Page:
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Youth volunteering and social action in health and care is a ‘must do’ – Professor Jane Cummings

This is national #iwill week which celebrates the huge impact young people make through volunteering and social action. Today, as it focuses on the many young people involved in health care settings, the Chief Nursing Officer for England explains why their work is so vital:

Many young people give their time and energies freely to support the health and care of others.

This includes helping out with a wide range of duties in a variety of care settings, such as hospitals and care homes. Volunteers provide much needed support, which could be anything from providing refreshments to patients right through to showing patients where to go for their appointment. In addition, volunteers share their ideas and insight to improve services for patients.

I am delighted that NHS England is participating in #iwill week and celebrating the huge impact that young people make nationally through volunteering and social action.

The invaluable difference this makes is perhaps best heard from the voices of young people themselves. One volunteer, Thines, provides support to the Royal College of Pediatrics and Child Health.

He said: “My life experience has given me a lot to think about and being able to use these experiences to positive and good use in order to improve the lives of children and young people across the country is such an uplifting and humbling experience.”

Amy, from the NHS Youth Forum, has found that volunteering in health care settings not only boosts her self-esteem, but also made her realise that by working together for patients, we can make change happen.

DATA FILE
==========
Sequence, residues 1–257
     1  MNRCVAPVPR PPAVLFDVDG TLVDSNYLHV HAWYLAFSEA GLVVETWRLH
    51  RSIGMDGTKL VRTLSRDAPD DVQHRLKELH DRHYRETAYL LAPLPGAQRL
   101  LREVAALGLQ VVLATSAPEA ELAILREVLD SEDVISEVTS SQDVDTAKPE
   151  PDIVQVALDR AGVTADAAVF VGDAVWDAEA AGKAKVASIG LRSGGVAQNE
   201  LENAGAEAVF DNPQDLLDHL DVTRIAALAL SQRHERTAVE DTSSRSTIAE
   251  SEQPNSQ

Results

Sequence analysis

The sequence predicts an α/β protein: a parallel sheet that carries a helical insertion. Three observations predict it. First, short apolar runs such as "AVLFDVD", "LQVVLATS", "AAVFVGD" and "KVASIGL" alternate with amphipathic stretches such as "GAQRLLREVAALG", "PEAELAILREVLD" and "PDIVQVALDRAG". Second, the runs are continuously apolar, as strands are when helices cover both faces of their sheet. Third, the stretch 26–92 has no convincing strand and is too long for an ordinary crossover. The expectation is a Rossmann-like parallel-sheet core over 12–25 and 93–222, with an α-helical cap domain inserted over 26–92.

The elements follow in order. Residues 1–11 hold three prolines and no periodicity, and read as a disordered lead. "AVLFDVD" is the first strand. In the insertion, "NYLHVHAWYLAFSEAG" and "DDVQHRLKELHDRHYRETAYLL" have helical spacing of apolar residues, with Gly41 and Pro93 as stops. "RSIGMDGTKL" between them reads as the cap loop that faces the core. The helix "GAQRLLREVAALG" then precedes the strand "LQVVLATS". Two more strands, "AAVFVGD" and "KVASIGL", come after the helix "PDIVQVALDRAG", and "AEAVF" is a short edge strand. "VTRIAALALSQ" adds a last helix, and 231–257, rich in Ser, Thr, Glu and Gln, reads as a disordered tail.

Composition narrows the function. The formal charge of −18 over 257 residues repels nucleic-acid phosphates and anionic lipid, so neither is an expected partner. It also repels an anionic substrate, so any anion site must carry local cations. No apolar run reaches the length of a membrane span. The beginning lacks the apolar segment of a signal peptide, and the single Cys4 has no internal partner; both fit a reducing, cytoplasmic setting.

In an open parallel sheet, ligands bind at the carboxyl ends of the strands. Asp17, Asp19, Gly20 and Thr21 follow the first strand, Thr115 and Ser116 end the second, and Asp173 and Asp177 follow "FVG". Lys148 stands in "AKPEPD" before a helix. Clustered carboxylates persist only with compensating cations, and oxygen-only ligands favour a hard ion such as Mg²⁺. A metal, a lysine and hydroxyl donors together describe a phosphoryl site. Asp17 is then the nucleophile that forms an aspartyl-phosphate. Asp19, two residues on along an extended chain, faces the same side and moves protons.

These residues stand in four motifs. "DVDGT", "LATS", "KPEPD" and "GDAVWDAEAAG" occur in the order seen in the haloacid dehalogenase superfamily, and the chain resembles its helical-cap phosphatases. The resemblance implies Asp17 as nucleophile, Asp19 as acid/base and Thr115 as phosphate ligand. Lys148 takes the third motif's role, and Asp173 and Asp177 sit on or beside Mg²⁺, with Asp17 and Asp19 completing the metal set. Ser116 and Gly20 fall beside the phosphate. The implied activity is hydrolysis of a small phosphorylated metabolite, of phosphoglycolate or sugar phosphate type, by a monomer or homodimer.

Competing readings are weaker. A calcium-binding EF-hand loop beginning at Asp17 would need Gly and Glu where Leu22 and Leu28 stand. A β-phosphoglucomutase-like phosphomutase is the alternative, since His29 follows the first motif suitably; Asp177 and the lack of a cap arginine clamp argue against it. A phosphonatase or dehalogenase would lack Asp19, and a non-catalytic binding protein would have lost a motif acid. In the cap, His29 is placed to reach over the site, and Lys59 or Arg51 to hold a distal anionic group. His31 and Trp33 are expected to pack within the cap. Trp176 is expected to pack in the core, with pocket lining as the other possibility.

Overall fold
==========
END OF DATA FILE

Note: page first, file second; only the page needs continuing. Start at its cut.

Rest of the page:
“Having the opportunity to use my voice and represent other young people has been incredible,” she said.  “It has enabled me to learn that my voice is valid and has reinforced that together we can make change happen. The process of being involved to generate change and progress doesn’t simply benefit a service, it made me realise that it’s beneficial to boosting my self-esteem no end and allowing me to take control of my life.

“On a personal level, it has been a platform where I have developed a self-identity and allowed me to establish what I want to do in life.”

Faye, a volunteer on the Chemotherapy day unit at Newcastle Upon Tyne Hospitals NHS Foundation Trust, also outlines how volunteering has not only brought significant benefits to patients, but also to herself as an individual.

She explained: “My volunteering journey includes befriending patients, taking the drinks and snacks trolley around each of the rooms of the ward, as well as to those waiting for their appointments.

“My role has made a huge difference to me as a person. I’ve become so much more confident, my communication skills have been improved hugely. The thing I love the most about my role is the satisfaction of being able to help someone in the smallest possible way. I may only be offering them a cup of tea or chatting to them for two minutes, but at the same time, I know I’m making a difference to their day and their time in hospital.”

Like all people who volunteer or share their voice, young people make a difference to people’s lives in so many different ways.

Firstly, they give their voice which is essential, particularly in shaping health services of the future.